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Team 3D Prints 100 Ventilator Valves In 24 Hours To Save COVID-19 Patients' Lives

As you've no doubt experienced since measures against the spread of COVID-19 began in earnest, some supplies are pretty hard to get our hands on right now.

We've long had to deal with the scourge of panic buying that has left us without many sources of toilet paper, but you may have also noticed a lot of other bare shelves in your local grocery stores.

As stress-inducing as this can be, however, there's an even more serious shortage underway in Italy, which is now dealing with the worst coronavirus outbreak outside of China.

As Reuters reported, the nation's healthcare system now finds itself under critical strain as an overwhelming number of patients now need intensive care.

Thankfully, one tech start-up has taken notice of how this crisis has affected the supply of crucial medical devices.

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As we know, COVID-19 has the most serious implications for a patient's lungs, which is creating a massive supply issue for Italian hospitals.

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As Reuters reported, some are experiencing shortages of a valve that connects oxygen masks to respirators.

As Cristian Fracassi, founder of start-up firm Isinnova said, "They’re called Venturi valves and are impossible to find at the moment, production can’t keep up with demand."

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Fracassi learned through word-of-mouth that this issue was affecting his local hospital in Chiari, Italy.

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According to the BBC, the problem for the 250 COVID-19 patients there in dire need of this valve is that they're only designed to be used for a maximum of eight hours.

Once Fracassi was put in contact with hospital staff and confirmed that suppliers couldn't replace them fast enough, he raced over with a mechanical engineer named Alessandro Romaioli.

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After they had examined the valve for themselves, they set to work using their firm's 3D printers to create a usable alternative.

Isinnova

As the BBC reported, they were able to return with a prototype three hours later. After a test on a patient, hospital staff discovered that their 3D printed version worked and the pair stepped up efforts to make more.

Although each valve only costs about a dollar to produce, the problem was that each one also took an hour to make and Isinnova only had six 3D printers.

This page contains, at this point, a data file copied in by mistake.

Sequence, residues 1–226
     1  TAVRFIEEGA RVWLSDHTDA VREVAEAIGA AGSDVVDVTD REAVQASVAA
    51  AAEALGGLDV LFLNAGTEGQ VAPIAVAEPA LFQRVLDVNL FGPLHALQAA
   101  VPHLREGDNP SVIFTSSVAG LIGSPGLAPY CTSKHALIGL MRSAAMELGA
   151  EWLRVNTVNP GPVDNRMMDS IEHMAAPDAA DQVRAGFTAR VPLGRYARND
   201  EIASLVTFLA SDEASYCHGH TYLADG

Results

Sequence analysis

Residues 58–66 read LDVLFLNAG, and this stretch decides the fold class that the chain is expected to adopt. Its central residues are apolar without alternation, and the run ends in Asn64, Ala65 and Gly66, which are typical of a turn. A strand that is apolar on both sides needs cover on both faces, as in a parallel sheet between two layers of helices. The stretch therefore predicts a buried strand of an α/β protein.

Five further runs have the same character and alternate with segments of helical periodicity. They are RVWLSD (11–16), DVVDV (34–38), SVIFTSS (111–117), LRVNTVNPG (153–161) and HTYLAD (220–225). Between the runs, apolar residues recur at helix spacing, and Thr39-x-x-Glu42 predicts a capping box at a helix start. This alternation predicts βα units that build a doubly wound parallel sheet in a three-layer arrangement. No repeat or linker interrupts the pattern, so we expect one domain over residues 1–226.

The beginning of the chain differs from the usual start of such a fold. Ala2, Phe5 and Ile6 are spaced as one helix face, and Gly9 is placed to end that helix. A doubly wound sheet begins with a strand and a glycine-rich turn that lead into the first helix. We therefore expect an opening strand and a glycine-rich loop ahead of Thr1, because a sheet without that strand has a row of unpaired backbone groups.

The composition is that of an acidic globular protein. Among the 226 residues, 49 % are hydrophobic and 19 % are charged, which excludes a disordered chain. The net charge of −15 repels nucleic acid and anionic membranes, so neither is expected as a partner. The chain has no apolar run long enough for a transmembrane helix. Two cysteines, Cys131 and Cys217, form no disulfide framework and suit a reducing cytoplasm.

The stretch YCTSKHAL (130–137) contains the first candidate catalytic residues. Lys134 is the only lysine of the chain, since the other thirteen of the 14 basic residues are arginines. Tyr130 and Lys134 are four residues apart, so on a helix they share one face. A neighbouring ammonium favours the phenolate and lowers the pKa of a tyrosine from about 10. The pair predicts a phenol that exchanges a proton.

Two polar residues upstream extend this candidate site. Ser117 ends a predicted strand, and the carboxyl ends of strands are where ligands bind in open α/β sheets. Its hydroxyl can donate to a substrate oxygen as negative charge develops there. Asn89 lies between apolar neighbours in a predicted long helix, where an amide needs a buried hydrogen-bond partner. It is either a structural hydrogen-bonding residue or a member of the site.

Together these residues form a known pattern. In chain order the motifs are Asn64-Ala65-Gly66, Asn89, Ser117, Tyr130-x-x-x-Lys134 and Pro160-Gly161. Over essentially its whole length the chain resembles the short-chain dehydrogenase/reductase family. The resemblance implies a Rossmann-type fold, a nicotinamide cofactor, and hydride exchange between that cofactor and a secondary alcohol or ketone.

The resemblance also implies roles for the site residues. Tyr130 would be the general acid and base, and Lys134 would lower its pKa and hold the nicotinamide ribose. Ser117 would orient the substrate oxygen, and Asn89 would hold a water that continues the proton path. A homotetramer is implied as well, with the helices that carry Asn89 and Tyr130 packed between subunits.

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Since time was of the essence, Isinnova teamed up with another 3D printing comany called Lonati to meet the hospital's demand.

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Although his firm's design has been proven to work, Fracassi has not made it publicly available due to the difficulty in replicating the thin holes and tubes in the valve, as well as the risk of contamination.

PC Mag also reported that Fracassi and Romaioli had to reverse engineer the design since the existing schematics for that are the property of another company.

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Despite the challenges Isinnova faced, however, they and Lonati were able to produce 100 3D-printed valves in 24 hours.

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As Reuters reported, at least 10 patients were already using these valves on the day Fracassi delivered them.

Fracassi told the BBC that a second hospital has already contacted him for more valves and Isinnova seems poised to continue producing them despite the fact that nobody in the office had slept for two days by then.

He also said, "I’m not going to charge the hospital ... It was the least I could do to help doctors and nurses who work all day long to save human lives."

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By this point, you have heard that the valve's original manufacturer is threatening to sue Isinnova because the valve they're producing for $1 is supposed to cost $11,000.

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As PC Mag reported, however, both the manufacturer and Fracassi have confirmed that no such threat has ever occurred.

The manufacturer, Intersurgical, has also confirmed that this $11,000 price tag isn't accurate either, as managing director Charles Bellm said, "The valve is an accessory supplied as part of a CPAP Hood system which alone costs a few euros."

So there's no need to break out any torches or pitchforks over this matter.

h/t: BBC, Reuters

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